Endometrial Cancer

Endometrial cancer, also called endometrial cancer, is a cancer that begins in the lining of the uterus. The most common type of endometrial cancer is called adenocarcinoma. There are more rare types of endometrial cancer but most cases, > 95%, are adenocarcinomas. Adenocarcinomas of the uterus begin in the cells that make up the lining of the uterus called the endometrium.

The average woman in the United States has a risk for endometrial cancer of approximately 2.7%. Most cases are diagnosed after the age of 50, and the average age of diagnosis is 60. Some hereditary cancer syndromes are associated with an increased risk for endometrial cancer.

General Risk Factors

Lifestyle

  • A diet high in animal fat
  • Obesity (being very overweight; having too much body fat)

Hereditary

  • A family history of endometrial cancer

EndometrialCancerRisk-graph

Associated Genes

MLH1, MSH2, MSH6, PMS2, EPCAM, TP53, PTEN, STK11

Health History

  • Beginning menstruation at an early age (before age 12)
  • A late age of menopause (after age 55)
  • Tamoxifen use (a drug used to treat breast cancer or to reduce the risk for breast cancer; the benefits of using tamoxifen outweigh the risks of use in some women)
  • Polycystic ovarian syndrome (PCOS) – this condition is associated with higher levels of androgen and estrogen hormones and lower levels of progesterone and can result in the failure of the ovaries to release an egg during the menstrual cycle
  • Diabetes – an increased risk for endometrial cancer has been observed in women who have diabetes even if they are not obese, but endometrial cancer is more prevalent in women with Type 2 diabetes which is associated with obesity
  • Endometrial hyperplasia (increased growth of the endometrium) – the risk is much higher for endometrial cancer if atypical hyperplasia is present
  • Prior radiation therapy to the pelvis for treatment of a previous cancer
  • Estrogen-only hormone replacement therapy after menopause
  • No history of any pregnancies

Prevention

As with the vast majority of cancers, there is no confirmed way to completely prevent the development of endometrial cancer. Maintaining a healthy weight through a healthy diet and exercise may decrease the risk for endometrial cancer. Women who use birth control pills as a form of contraception (birth control) are thought to have a lower risk for endometrial cancer. This is especially true for women who use birth control pills for longer periods of time. Some progesterone-containing intrauterine devices (IUDs) used for contraception may also reduce the risk for endometrial cancer. Women who have had multiple pregnancies are also thought to have a lower risk for endometrial cancer. Women who are done having children and who have a high risk for endometrial cancer due to a genetic change that increases the risk for endometrial cancer or medical findings that greatly increase their risk may be offered a risk-reducing hysterectomy to help prevent the formation of endometrial cancer. A hysterectomy is a surgery to remove the uterus.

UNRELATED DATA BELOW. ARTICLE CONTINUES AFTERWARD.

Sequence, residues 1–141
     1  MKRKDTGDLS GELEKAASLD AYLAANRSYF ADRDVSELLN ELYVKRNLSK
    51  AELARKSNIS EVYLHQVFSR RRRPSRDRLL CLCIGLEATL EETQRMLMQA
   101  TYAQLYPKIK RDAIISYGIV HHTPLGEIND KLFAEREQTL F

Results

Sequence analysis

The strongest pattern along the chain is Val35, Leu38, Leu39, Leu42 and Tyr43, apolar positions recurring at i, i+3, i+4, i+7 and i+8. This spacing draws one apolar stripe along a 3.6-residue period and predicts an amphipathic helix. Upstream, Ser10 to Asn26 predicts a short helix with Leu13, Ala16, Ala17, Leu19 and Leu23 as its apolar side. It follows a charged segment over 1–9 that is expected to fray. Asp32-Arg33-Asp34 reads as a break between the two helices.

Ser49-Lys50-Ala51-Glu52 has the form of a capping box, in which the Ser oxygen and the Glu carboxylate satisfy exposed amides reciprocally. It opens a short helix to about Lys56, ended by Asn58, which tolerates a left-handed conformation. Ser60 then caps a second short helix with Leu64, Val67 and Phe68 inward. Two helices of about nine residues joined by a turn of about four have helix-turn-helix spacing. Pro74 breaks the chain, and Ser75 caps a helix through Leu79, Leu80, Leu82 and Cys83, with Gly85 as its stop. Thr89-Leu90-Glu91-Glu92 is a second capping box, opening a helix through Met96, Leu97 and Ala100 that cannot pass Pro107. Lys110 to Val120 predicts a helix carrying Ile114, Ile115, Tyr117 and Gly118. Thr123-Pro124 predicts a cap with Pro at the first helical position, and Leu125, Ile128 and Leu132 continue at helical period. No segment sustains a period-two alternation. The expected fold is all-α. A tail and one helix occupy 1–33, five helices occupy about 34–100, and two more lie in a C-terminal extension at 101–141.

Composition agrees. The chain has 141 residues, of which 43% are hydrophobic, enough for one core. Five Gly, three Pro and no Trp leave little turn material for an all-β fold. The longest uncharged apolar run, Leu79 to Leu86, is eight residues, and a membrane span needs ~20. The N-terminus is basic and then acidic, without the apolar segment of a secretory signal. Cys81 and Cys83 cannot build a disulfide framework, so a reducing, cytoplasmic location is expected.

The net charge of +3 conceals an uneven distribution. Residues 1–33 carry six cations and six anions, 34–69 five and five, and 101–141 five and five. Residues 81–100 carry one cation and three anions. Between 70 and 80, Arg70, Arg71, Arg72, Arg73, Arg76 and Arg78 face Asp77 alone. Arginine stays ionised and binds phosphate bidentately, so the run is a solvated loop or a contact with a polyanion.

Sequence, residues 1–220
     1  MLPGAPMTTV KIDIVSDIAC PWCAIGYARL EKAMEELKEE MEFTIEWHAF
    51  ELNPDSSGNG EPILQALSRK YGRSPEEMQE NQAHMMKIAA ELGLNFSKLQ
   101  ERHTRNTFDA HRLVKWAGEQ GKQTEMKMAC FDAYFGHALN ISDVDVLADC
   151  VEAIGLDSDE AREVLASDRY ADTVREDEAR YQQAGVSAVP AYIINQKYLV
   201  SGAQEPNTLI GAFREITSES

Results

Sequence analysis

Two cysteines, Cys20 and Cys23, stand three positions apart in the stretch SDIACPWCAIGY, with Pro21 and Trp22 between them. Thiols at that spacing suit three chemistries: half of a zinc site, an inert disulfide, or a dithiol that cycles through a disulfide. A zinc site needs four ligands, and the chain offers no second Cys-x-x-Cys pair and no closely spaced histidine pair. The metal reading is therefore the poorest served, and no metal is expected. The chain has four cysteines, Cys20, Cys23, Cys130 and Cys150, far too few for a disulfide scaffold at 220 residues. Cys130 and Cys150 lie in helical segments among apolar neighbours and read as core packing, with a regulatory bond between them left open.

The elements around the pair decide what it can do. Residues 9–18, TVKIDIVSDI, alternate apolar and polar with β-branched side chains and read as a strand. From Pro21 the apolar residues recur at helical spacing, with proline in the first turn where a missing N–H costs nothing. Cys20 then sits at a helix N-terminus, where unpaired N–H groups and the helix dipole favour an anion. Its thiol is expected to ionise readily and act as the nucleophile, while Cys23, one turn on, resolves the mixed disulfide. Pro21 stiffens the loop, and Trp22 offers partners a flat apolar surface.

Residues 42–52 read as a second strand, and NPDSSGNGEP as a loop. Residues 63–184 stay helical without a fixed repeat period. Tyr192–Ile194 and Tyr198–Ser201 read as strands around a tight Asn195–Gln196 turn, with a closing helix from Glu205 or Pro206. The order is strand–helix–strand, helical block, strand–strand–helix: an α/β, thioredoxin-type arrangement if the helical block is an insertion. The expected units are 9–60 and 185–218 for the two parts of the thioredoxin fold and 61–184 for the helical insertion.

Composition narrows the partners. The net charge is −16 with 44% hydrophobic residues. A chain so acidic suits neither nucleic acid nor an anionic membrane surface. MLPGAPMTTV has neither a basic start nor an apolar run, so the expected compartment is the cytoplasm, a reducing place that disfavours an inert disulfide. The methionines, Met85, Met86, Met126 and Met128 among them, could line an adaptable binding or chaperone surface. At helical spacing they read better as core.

Symptoms and Screening Methods

Symptoms of endometrial cancer can include vaginal bleeding, spotting, or discharge. These symptoms may also be due to medical conditions other than endometrial cancer. Any vaginal bleeding occurring after menopause should be further evaluated to rule out endometrial cancer.

Currently in the United States, there is no standard or routine screening test for women at average risk for endometrial cancer. If your doctor considers you to be at a higher risk than the average person for endometrial cancer due to any of the risk factors mentioned above or if you are experiencing any of the symptoms mentioned above, he or she may recommend that you undergo certain screening tests, which can include some combination of a pelvic exam, endometrial biopsies (removal of tissue samples from the inner lining of the uterus),transvaginal ultrasound, and dilatation and curettage, also called a D&C (a procedure that uses a surgical tool to remove endometrial tissue).

Treatment

If endometrial cancer is diagnosed following any of the tests above, treatment will depend on the stage of the cancer (how far the cancer has grown or spread). Treatment can include some combination of surgery, chemotherapy, radiation, and hormone therapy. Learn more about endometrial cancer treatments here.

References

  1. ACOG Practice Bulletin No. 65. Management of endometrial cancer. Obstet Gynecol 2005 Aug;106(2):413-25.
  2. American Cancer Society: Endometrial Cancer (http://www.cancer.org/cancer/endometrialcancer/index)
  3. American Society of Clinical Oncology: Endometrial Cancer (http://www.cancer.net/cancer-types/uterine-cancer)
  4. Gruber SB, Thompson WD. A population-based study of endometrial cancer and familial risk in younger women. Cancer and Steroid Hormone Study Group. Cancer Epidemiol Biomarkers Prev. 1996 Jun;5(6):411-7. PubMed PMID: 8781735.
  5. Lucenteforte E, Talamini R, Montella M, Dal Maso L, Pelucchi C, Franceschi S, La Vecchia C, Negri E. Family history of cancer and the risk of endometrial cancer. Eur J Cancer Prev. 2009 Apr;18(2):95-9. Doi: 10.1097/CEJ.0b013e328305a0c9. PubMed PMID: 19337055.
  6. National Cancer Institute: Endometrial Cancer treatment (http://www.cancer.gov/cancertopics/pdq/treatment/endometrial/Patient)
  7. Surveillance, Epidemiology and End Results Program, National Cancer Institute (seer.cancer.gov)